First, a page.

10 SharePoint Configuration Mistakes, and How to Avoid Them (Part 1)

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SharePoint is a useful and extremely functional platform for businesses. Its features and capabilities enable many organizations to deliver better results and improve overall workflow. At the same time, due to its complexity SharePoint can be confusing for users if used poorly. In our experience, many businesses set up this Microsoft platform and make errors on the very first step. As experts in that field we’ve decided to come up with a list of top 10 SharePoint configuration mistakes.

List of SharePoint Configuration Mistakes

Number 1 – Single Account for Everything

SharePoint has a very sophisticated security system, therefore to avoid all the authorization routines some give in to a temptation and use only one Domain Administrator Account. The reason why people do that is that it’s easy, but ultimately it is a terrible idea. As a result, there is no separation of tasks, no possibilities for proper audits. And, most importantly, just imagine what if this account is compromised. Every single piece of data inside the system, every action taken is vulnerable. Even if the reaction to a security breach is timely, you still need to change passwords and make all the necessary adjustments while the whole system is down stopping you from conducting business.

Number 2 – Too Much Content Types

Inexperienced SharePoint administrators very often create a new content type for every new report: weekly, monthly, financial. And for each team there is a separate SharePoint site on the intranet. With each content type an admin adds metadata fields to make each file distinguishable and unique.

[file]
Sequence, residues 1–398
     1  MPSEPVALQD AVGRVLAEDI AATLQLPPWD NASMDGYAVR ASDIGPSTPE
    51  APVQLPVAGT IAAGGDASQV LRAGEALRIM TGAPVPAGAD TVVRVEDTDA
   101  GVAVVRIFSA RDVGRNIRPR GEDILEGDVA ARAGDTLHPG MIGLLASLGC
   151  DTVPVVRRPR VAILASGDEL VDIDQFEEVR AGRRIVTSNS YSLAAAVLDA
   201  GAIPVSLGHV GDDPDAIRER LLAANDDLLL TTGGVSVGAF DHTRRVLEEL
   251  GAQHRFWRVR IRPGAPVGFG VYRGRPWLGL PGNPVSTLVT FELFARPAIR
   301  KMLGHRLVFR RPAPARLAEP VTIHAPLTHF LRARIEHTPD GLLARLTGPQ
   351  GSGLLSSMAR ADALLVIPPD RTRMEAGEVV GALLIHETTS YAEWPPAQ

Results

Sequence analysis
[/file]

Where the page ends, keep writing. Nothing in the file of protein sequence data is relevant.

So what’s the problem here? Files stop being usable. From now on in order to access any report users have to go through several updates and numerous mouse clicks. Most probably you do not use SharePoint to run a library, therefore administrators should keep data simple for the end-users.

Number 3 – Default Database Settings

Unfortunately, SharePoint does not always act in the best possible way. Let’s take autogrowth settings as an example. Incremental growth can significantly slow down the SQL Server, and that results in poor performance of SharePoint. This was and remains the most usual of all SharePoint 2013 configuration mistakes.

In order to avoid it, you should set the database autogrowth to the value that won’t require frequent expansions. Basically, instead of incremental you should resort to growth in chunks of something like 250 MB to 1 GB, depending on the size of your organization.

Number 4 – Virtualized SQL Server

SharePoint is completely dependant on the speed of the SQL Server. So if an admin decides to virtualize the server and things go sideways, the entire platform will lag.

The obvious solution is to use a physical box for the SQL Server.

Number 5 – Use of Folders Instead of Metadata

The intranet contains vast amount of libraries where organizations usually systematically store all the data. And just like with Windows, for example, an admin decides that it is a good idea to arrange everything in folders. Moreover, he or she allows other users to create new folders. It is quite an intuitive decision and what can go wrong?

With sub and sub-sub folders being created continuously, moving through layers becomes difficult. So it’s just a matter of time before it starts getting on the nerves of your employees. With SharePoint you can actually use metadata for document management, which makes the whole process easy. Plus there is also a View option, that allows admins to put forward documents with particular parameters like ‘Recently modified’, for example.

This was the first part of our list of 10 most common SharePoint configuration mistakes, look out for part 2 in the nearest future. If you face any problems or you are unsatisfied with the overall performance of your SharePoint, then contact us at Digital Design. We specialize in SharePoint optimization and migration services.